Every Friday, Federalism in Action collects the 3 top stories highlighting local people making local decisions across the nation. You can find them compiled in our Top 3 Local weekly blog post.  We find the best examples of “Federalism in Action,” so you can stay informed. You’ll find this week’s Top 3 Local stories below, and you can click here to read last week’s highlights. Do you have a story to include in the next edition? Email us at!

FOR FUN (sort of): Craft Breweries Booming But Stalled

The craft brewery industry is booming; new breweries are popping up in communities all over America, boosting local economies and often giving new life to “transitional” neighborhoods. However, for the time being, beer drinkers will have no new brew options as a result of the federal government shutdown.

The Alcohol and Tobacco Tax and Trade Bureau will hold applications for new breweries, labels and recipes until the federal government shutdown ends. The delay could have lasting financial ramifications for craft breweries trying to launch new products and open new locations. One brewing company executive lamented, “It is frustrating the government can’t do its job. Doing what they’re doing now is unprecedented.”

FOR INSPIRATION: Local People Working to Save Their Forests

In Washington State, the federal government wants to grab more land on the Olympic Peninsula, but local citizens are working to stop that from happening. Last week, Washington residents met to discuss the issue and solutions for preventing the “federal land grab.” They believe the the devastating impacts of federal land management on the environment and precious natural resources that they have already witnessed will only worsen with expanded federal ownership.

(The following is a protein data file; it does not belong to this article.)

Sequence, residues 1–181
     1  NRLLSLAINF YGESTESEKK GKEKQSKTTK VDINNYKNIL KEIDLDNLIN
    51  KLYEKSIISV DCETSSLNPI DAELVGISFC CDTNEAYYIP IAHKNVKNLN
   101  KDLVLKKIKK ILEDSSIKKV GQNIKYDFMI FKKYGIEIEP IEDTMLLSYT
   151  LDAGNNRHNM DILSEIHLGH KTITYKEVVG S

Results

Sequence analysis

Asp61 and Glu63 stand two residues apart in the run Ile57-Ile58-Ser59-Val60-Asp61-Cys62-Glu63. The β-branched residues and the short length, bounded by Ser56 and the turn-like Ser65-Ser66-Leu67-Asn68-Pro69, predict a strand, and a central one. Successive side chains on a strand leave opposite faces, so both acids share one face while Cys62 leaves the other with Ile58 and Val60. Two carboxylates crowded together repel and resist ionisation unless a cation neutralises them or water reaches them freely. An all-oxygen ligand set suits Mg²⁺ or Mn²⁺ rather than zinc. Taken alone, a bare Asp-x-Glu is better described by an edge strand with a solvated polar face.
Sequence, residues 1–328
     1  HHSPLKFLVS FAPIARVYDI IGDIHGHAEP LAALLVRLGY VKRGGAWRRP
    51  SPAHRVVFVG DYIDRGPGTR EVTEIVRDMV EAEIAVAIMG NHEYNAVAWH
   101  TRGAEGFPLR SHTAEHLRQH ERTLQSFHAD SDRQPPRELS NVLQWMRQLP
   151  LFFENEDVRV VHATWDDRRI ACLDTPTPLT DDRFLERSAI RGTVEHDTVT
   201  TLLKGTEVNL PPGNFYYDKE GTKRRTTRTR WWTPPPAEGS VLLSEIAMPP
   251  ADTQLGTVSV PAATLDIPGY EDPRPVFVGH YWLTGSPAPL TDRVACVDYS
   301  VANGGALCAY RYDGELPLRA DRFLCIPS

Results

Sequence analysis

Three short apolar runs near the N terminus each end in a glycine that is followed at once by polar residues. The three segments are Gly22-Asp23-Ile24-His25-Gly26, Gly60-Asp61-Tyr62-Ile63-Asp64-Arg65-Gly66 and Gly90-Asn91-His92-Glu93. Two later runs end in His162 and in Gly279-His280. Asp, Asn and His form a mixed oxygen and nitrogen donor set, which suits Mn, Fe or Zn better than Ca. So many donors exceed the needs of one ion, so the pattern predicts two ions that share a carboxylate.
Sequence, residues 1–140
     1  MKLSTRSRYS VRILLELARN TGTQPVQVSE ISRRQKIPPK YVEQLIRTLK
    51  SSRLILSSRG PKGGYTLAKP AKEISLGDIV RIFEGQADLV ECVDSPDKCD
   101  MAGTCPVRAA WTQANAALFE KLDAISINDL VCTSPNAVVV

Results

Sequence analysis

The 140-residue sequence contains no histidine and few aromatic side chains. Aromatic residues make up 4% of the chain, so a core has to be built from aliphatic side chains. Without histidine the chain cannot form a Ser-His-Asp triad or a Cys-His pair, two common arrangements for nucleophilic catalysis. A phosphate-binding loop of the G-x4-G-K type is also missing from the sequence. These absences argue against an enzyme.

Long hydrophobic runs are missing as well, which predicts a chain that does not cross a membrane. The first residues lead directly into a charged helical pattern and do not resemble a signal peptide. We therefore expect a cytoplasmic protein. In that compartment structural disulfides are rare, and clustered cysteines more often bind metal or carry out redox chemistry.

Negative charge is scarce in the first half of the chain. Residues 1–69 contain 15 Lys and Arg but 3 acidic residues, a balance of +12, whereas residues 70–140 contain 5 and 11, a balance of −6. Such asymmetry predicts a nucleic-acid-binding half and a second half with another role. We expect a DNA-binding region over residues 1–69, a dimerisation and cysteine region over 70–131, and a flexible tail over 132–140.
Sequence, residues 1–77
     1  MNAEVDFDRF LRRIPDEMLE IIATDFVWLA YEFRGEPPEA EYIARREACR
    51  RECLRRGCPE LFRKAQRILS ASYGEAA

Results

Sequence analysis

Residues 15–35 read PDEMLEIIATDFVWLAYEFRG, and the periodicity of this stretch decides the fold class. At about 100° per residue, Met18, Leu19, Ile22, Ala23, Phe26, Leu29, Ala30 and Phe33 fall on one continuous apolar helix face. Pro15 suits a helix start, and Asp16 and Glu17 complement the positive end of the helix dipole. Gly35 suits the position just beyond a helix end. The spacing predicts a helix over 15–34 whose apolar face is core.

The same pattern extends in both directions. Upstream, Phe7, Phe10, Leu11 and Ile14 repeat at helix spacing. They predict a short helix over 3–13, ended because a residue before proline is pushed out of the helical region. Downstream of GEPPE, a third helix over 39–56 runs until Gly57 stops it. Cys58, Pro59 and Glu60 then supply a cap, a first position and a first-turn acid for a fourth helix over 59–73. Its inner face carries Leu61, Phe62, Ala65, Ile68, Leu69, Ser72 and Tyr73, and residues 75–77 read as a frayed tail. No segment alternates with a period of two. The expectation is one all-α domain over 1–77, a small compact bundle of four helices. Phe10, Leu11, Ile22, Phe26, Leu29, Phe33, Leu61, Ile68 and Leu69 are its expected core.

WHY IT MATTERS: States are the Ones Paying for Federal Government Shutdown

The effects of the federal government shutdown can be seen around the country, but one region of the country has fared worst of all: the West. The federal government owns over 50 percent of the land in states west of Colorado, and the shutdown has devastated local economies because national parks are closed, hunting land is restricted and many private businesses cannot fully operate.

This week, Obama administration indicated it will allow states to reopen some of the parks, with one caveat: states must use their own funds with no promise of repayment. The federal government has states under lock and key, and until states regain control of their own land, such predicaments will only continue.

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